Ghostface — a rap legend and Wu-Tang Clan member known for his loud, fast-paced flow and Joycean, stream-of-consciousness lyrical narratives — has built an empire around his established poetic lyricism. And now, BadBadNotGood, a Canadian jazz trio made up of music school castaways, has found solace in Ghost’s rap kingdom.
Though BadBadNotGood has already made a name for itself with its retro fusion of jazz and hip-hop, it sounds genuinely comfortable and at home with Ghost, seamlessly providing eerie, psychedelic instrumentals and effortlessly playing backing band to one of rap’s most celebrated lyricists on the new collaborative album Sour Soul.
Sour Soul opens with “Mono,” a 58-second instrumental that immediately lets listeners know they’re hearing something different, something strange and something extraordinary. Soft drumming, powerful, ever-present bass and ethereal electric organ slowly build into a curious melody, reminiscent of old crime movies.
Evil is afoot. And Ghostface Killah is coming to save the day.
After the album’s eerie instrumental introduction, listeners seamlessly travel from song to song as they would from page to page in a comic book. Each verse is a new piece of comic-like dialogue. Changes in melody indicate conflict — conflict that Ghost and his team of crime-fighting lyricists must put to an end. Images of tough rappers in unflattering superhero costumes and capes come to mind.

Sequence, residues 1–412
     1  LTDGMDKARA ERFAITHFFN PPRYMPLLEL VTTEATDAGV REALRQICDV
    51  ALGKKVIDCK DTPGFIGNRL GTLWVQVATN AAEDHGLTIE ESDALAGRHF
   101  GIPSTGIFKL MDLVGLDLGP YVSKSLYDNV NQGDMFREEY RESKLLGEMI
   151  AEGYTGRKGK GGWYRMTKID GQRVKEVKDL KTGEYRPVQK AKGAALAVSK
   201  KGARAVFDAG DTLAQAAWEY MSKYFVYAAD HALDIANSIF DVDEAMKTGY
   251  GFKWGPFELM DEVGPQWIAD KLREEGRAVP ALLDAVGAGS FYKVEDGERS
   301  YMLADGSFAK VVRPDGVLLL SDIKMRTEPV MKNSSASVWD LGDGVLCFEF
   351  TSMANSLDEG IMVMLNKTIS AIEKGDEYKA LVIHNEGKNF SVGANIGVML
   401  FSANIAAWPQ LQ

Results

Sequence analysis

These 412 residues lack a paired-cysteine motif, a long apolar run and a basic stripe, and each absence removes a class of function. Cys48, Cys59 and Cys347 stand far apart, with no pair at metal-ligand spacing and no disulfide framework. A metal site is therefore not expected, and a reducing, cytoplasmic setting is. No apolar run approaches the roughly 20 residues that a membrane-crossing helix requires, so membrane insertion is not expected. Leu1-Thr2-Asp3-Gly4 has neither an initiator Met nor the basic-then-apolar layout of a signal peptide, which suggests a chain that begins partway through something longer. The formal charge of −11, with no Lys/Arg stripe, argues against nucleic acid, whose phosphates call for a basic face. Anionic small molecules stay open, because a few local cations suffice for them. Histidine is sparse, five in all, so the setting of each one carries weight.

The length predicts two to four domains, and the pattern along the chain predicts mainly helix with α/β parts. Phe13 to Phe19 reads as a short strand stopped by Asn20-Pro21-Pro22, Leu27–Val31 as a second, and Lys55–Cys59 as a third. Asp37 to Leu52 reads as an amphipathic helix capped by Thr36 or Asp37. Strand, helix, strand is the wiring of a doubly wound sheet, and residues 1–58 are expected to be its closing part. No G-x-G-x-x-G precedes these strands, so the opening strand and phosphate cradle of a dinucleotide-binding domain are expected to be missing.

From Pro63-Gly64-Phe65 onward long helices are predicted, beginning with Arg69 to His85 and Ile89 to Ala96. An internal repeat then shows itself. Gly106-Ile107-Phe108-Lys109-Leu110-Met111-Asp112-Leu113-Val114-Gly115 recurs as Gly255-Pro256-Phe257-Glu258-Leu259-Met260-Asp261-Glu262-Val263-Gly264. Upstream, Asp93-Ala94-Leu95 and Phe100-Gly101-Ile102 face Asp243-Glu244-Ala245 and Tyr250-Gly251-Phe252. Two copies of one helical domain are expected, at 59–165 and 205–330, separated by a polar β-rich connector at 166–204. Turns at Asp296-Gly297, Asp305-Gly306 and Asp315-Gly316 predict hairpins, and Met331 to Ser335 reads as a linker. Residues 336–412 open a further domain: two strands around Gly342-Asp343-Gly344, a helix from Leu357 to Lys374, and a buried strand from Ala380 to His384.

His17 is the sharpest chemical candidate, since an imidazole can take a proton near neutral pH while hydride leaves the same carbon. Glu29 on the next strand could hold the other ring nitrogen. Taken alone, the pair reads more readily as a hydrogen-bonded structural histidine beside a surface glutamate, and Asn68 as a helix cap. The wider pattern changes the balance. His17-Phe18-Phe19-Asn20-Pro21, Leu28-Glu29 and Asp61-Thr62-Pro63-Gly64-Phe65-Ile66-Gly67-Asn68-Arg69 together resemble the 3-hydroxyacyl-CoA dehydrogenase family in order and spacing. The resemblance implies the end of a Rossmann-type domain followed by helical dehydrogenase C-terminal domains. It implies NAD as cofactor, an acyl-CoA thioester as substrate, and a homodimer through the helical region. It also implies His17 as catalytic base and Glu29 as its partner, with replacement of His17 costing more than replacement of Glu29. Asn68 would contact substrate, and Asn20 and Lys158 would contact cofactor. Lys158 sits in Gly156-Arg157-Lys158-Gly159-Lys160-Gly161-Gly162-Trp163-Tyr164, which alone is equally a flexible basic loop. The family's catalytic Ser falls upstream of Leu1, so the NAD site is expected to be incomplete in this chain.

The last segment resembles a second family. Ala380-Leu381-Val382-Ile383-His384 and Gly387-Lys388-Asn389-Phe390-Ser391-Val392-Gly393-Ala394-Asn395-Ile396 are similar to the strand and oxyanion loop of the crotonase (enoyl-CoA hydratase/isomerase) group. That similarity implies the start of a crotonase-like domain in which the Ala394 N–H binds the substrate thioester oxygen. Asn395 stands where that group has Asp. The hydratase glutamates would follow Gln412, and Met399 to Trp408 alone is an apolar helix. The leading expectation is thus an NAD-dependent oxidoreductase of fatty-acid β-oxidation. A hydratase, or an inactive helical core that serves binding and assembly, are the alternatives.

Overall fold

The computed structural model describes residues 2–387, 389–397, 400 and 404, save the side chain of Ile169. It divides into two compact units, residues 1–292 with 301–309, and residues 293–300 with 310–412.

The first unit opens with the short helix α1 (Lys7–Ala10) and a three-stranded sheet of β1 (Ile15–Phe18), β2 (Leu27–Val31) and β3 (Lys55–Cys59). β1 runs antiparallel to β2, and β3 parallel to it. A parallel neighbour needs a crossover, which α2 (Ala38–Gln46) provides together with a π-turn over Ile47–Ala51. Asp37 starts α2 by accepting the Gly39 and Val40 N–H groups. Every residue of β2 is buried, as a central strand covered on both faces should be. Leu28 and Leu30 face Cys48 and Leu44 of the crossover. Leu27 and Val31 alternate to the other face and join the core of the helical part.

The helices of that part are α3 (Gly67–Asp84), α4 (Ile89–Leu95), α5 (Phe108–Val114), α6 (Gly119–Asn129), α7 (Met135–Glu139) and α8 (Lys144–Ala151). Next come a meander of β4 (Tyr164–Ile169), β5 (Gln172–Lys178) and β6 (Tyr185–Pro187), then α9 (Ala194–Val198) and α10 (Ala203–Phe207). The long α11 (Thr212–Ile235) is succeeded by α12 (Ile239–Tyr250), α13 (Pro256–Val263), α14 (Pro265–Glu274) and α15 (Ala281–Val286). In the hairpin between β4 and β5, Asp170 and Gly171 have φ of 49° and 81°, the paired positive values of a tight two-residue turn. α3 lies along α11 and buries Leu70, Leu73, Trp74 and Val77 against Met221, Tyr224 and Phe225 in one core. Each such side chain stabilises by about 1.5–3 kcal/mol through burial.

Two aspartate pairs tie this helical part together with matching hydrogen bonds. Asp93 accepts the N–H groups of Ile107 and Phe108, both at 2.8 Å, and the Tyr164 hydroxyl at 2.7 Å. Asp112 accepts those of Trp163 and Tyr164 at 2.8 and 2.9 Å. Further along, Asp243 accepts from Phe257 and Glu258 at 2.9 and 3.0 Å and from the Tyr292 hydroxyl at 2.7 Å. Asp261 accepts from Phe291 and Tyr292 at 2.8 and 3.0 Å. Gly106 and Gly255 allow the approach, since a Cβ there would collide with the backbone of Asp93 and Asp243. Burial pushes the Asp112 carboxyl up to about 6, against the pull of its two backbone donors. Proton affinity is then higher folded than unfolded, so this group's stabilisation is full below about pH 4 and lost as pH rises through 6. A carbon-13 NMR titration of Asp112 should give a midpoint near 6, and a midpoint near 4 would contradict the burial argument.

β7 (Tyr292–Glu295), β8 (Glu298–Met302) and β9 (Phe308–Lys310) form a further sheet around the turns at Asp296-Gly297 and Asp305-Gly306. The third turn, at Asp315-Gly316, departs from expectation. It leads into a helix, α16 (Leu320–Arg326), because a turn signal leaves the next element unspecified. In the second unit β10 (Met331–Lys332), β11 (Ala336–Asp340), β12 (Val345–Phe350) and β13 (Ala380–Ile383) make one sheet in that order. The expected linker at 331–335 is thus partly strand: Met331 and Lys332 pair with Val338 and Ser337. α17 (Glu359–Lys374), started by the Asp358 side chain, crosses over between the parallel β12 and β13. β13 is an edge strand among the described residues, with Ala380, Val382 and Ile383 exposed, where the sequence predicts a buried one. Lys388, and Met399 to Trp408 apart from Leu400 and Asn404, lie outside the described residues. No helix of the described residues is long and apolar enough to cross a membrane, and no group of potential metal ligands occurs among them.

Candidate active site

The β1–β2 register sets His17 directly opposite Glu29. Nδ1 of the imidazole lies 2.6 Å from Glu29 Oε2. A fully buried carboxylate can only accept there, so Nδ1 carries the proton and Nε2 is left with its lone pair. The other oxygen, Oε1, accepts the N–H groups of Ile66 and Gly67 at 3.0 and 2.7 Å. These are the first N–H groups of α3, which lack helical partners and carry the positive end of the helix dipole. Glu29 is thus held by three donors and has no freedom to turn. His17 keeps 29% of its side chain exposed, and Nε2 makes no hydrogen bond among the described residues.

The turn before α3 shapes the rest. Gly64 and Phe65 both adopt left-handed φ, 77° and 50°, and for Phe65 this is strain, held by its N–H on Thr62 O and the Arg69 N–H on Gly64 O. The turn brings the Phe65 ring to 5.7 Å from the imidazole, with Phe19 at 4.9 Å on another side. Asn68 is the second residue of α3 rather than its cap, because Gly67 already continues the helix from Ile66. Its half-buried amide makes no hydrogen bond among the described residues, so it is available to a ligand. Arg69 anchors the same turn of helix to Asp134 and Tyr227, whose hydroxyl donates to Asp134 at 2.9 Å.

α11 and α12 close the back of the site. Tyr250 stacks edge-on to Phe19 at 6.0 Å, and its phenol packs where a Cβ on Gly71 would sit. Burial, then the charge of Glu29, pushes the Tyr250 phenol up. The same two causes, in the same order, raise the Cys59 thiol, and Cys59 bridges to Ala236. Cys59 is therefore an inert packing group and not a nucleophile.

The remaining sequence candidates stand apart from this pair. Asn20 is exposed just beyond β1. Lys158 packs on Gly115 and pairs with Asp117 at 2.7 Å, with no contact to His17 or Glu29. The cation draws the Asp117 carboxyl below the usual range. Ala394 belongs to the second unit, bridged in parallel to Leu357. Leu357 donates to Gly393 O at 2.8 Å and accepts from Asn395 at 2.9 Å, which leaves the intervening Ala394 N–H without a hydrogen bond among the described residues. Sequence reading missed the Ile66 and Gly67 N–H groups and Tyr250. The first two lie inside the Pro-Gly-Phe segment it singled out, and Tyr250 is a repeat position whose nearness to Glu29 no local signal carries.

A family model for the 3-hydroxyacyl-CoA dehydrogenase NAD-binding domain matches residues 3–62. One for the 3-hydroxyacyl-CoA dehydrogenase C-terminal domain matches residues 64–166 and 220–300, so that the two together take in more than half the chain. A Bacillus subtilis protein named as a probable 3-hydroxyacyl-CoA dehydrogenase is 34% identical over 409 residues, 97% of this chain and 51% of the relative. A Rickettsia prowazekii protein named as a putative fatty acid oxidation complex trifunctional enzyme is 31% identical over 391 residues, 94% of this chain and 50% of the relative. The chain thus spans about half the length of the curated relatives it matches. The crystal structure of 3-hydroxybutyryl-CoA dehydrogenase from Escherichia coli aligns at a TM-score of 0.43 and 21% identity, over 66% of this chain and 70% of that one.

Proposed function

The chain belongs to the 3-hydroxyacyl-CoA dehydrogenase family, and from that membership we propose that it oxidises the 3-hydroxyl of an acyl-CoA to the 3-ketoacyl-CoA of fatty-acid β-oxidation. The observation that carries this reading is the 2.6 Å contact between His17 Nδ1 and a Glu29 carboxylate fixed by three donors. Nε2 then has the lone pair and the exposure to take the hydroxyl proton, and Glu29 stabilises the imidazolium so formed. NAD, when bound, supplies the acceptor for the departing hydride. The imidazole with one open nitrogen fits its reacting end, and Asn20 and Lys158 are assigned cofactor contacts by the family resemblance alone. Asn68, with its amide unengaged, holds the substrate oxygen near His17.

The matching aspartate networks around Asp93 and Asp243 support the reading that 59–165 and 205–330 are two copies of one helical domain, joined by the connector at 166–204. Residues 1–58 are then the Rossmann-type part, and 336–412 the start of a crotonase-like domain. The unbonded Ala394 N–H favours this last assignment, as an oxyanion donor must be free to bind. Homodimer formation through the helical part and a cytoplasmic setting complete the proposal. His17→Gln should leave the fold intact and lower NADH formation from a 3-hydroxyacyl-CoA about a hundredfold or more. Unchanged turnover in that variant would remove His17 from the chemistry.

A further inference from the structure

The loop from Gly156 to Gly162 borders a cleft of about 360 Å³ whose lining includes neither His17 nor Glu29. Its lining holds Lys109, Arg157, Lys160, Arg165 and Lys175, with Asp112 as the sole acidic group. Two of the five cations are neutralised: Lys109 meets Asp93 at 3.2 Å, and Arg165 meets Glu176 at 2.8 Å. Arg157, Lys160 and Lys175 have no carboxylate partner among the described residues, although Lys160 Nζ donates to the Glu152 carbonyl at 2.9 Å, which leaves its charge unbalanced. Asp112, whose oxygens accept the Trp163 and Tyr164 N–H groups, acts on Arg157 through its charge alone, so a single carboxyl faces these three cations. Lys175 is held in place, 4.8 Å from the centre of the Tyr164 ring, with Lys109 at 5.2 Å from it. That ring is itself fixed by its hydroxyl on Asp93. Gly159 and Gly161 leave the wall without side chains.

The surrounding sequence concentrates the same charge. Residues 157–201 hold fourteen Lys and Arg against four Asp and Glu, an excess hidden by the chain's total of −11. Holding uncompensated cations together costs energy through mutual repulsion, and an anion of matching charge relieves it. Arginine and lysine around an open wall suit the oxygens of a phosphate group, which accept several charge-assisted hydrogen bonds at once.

“Ray Gun,” the clear highlight of the album, epitomizes the musical nirvana that can be reached in a successful rap-jazz collaboration. With quick, crisp drumming and lazy, raw guitar, BadBadNotGood brings Ghost’s subtly nuanced lyricism to the emotional forefront. Ghost opens the track with a declaration of his status as a savior from the hood: “Back in black, it’s your local superhero from the hood / Ironman Stark’s got the good.” In this moment, BadBadNotGood’s expert musical support, in conjunction with Ghost’s blatant, self-aware narcissism, allows the listener to journey into a dark comic-book land, confident that Ghost will destroy all darkness and eventually reveal the light.
In other tracks, Ghost takes a less confident tone, tapping into a deep spirituality (“Sour Soul”), working toward redemption (“Tone’s Rap”) and providing wisdom gained through loss (“Street Knowledge”). And BadBadNotGood’s background instrumentals capture the emotional spirit of each track, cueing listeners to changes of heart, instances of passion and moments of redemption.
Ultimately, BadBadNotGood’s jazzy freshness — along with Ghost’s veteran, stream-of-consciousness lyricism — transcends all genre-inflicted confines that one might expect to hold back this god-sent collaboration. Sour Soul successfully transports us to a dark world grounded in pulp fiction, old comic books and psychedelic fog.
Contact Jeremy Siegel at [email protected].